To prove the strength of these linguistic predictors, the team reviewed 37 studies on the topic. They categorized extroversion using internationally recognized personality type questionnaires. In the future, the NTU team wants to study the relationship between extroverts and other word choices.
Currently, machine learning and predictive tools can help companies and marketers in business endeavors. However, the NTU psychologists say that the design of these models could use improvement. They hope their research will help marketers better understand how certain words can appeal to different personality types. Furthermore, they expect the study will bring about improvements in machine learning tools used for personalty prediction.
These same tools can likely help predict words that introverts use as well. Of course, most people fall somewhere on the spectrum between introverts and extroverts. Personality can change depending on many factors, and therefore, can’t be reduced to just word choices. However, there are certain traits that introverts and extroverts exhibit, which give their underlying personality away.
Common characteristics of introverts and extroverts
Here are the differences between extroverts and introverts.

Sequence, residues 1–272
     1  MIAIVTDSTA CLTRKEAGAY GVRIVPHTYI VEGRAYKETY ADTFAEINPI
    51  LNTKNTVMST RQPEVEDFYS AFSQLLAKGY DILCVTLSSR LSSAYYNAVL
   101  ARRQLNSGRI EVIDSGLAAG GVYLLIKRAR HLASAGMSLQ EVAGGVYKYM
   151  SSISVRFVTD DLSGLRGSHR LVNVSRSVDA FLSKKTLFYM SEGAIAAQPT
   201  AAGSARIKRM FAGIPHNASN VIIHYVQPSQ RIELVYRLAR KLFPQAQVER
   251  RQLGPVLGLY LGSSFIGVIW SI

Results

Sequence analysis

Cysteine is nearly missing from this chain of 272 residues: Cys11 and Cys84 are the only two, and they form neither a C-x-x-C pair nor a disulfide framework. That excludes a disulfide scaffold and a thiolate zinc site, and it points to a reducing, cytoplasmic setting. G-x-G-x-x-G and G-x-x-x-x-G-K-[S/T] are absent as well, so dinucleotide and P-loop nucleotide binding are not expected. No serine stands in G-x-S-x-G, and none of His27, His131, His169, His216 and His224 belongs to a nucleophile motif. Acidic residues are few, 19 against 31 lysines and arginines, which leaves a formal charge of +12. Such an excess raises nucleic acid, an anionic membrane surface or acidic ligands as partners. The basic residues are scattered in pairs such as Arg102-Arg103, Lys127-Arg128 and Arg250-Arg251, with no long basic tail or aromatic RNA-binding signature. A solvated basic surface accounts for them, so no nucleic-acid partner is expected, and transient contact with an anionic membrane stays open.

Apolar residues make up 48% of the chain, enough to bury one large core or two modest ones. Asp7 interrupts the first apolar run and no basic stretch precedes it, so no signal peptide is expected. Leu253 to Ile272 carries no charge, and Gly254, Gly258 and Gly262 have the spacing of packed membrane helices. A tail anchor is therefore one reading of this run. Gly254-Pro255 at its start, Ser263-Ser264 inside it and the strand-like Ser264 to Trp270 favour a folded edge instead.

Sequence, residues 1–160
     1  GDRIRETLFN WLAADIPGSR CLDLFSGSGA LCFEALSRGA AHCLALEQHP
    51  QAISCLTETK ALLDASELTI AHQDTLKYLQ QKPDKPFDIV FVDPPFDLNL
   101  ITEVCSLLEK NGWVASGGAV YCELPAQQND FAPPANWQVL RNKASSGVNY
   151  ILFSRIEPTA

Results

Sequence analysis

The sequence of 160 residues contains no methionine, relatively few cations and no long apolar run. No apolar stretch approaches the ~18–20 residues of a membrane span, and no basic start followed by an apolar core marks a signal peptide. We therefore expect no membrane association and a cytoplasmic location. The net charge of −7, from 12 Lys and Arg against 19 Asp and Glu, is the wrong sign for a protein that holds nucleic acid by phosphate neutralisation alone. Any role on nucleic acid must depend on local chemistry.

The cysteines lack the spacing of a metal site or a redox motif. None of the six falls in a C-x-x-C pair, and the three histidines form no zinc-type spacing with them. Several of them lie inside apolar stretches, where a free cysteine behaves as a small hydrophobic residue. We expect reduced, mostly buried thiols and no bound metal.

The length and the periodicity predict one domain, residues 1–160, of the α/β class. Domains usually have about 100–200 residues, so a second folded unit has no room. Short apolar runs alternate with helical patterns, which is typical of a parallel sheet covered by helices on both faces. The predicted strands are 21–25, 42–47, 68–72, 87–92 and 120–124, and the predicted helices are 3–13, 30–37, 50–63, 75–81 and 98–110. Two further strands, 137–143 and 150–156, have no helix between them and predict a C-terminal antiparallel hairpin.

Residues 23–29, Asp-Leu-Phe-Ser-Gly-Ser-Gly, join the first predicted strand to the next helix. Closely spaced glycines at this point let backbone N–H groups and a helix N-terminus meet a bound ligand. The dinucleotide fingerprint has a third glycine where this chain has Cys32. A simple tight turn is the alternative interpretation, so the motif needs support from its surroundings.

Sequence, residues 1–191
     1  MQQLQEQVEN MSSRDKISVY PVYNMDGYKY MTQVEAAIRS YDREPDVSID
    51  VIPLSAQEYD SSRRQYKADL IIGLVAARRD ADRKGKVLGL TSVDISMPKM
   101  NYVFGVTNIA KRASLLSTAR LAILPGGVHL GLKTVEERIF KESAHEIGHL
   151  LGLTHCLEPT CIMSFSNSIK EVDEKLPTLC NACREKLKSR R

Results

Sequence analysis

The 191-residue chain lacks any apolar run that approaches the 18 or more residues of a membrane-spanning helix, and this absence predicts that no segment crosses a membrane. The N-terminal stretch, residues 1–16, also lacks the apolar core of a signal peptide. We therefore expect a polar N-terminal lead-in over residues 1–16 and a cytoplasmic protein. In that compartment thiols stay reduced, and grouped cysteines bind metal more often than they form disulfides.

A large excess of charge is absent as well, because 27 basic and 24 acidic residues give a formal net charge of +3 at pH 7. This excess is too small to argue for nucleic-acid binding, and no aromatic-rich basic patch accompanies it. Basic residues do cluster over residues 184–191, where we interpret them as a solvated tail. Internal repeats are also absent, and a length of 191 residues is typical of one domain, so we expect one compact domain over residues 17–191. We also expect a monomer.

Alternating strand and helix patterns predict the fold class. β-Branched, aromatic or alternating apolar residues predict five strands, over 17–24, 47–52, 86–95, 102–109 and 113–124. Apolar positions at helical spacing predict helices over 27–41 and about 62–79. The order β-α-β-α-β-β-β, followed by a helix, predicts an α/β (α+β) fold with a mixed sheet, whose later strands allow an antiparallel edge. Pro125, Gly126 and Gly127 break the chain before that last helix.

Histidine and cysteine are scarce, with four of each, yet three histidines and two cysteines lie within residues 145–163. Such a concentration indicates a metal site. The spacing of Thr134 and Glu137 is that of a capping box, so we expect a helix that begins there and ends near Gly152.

- They have lots of friends.
- An extrovert feels comfortable talking to pretty much anyone, even strangers.
- They love social environments and loud, energetic places.
- Extroverts tend to hate being alone for extended periods of time.
- They thrive around other people.
- Extroverts openly express concerns and opinions.
- They may talk before they think.
- They’re outgoing and optimistic.
- They take more risks than introverts.
- Extroverts go with the flow.
- They don’t dwell on a decision or problem.
- An extrovert loves being the center of attention.
- They love getting to know people.
- Enjoy spending time alone.
- They don’t like being the center of attention.
- Introverts prefer a few close friends rather than many acquaintances.
- Others may see them as reserved, shy, or aloof.
- They put a lot of time and effort into their personal relationships.
- Introverts think before they speak.
- They gravitate toward quiet, peaceful environments with few people.
- Introverts gain energy from being alone and lose it around others.
- They may keep their opinions and beliefs to themselves.
- An introvert may not feel as comfortable taking risks.
- Introverts are more likely to work from home or work independently.
- They usually wait for someone else to approach them to start a conversation.
- They think deeply about a topic or decision before taking action.
This doesn’t mean introverts are inherently harmful; in fact, much more research is needed on this topic. However, a meta-analysis by the NTU team found that, in general, extroverts tend to use more positive language. Their optimism and love of external stimulation may explain their tendency to choose specific words.
In conclusion, researchers found that they used more “positive emotion words” and “social process words.”
These words describe a pleasant emotional state or show social intentions. Of course, studies on introverted language should also be done to have a basis for comparison. However, it’s interesting to see how word choice can correlate with personality traits. The team hopes that their research will help improve machine learning tools in the future.